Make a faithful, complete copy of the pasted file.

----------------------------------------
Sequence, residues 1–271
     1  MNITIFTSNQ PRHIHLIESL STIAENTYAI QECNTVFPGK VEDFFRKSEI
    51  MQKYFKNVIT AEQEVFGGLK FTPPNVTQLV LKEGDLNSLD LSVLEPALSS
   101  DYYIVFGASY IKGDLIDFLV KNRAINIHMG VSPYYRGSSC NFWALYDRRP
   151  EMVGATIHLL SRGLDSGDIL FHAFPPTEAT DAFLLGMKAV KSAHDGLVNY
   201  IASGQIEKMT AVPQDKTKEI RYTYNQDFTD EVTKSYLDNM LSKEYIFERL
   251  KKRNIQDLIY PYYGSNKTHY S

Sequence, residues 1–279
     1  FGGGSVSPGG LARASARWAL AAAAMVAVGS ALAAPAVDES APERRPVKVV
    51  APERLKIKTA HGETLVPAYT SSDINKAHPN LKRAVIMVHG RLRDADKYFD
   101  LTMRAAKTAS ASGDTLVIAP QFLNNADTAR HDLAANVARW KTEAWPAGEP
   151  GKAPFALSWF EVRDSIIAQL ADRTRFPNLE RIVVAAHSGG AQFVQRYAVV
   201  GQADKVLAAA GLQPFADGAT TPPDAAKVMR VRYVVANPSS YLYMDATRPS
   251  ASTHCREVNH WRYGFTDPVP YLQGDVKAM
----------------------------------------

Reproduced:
Sequence, residues 1–271
     1  MNITIFTSNQ PRHIHLIESL STIAENTYAI QECNTVFPGK VEDFFRKSEI
    51  MQKYFKNVIT AEQEVFGGLK FTPPNVTQLV LKEGDLNSLD LSVLEPALSS
   101  DYYIVFGASY IKGDLIDFLV KNRAINIHMG VSPYYRGSSC NFWALYDRRP
   151  EMVGATIHLL SRGLDSGDIL FHAFPPTEAT DAFLLGMKAV KSAHDGLVNY
   201  IASGQIEKMT AVPQDKTKEI RYTYNQDFTD EVTKSYLDNM LSKEYIFERL
   251  KKRNIQDLIY PYYGSNKTHY S

Sequence, residues 1–279
     1  FGGGSVSPGG LARASARWAL AAAAMVAVGS ALAAPAVDES APERRPVKVV
    51  APERLKIKTA HGETLVPAYT SSDINKAHPN LKRAVIMVHG RLRDADKYFD
   101  LTMRAAKTAS ASGDTLVIAP QFLNNADTAR HDLAANVARW KTEAWPAGEP
   151  GKAPFALSWF EVRDSIIAQL ADRTRFPNLE RIVVAAHSGG AQFVQRYAVV
   201  GQADKVLAAA GLQPFADGAT TPPDAAKVMR VRYVVANPSS YLYMDATRPS
   251  ASTHCREVNH WRYGFTDPVP YLQGDVKAM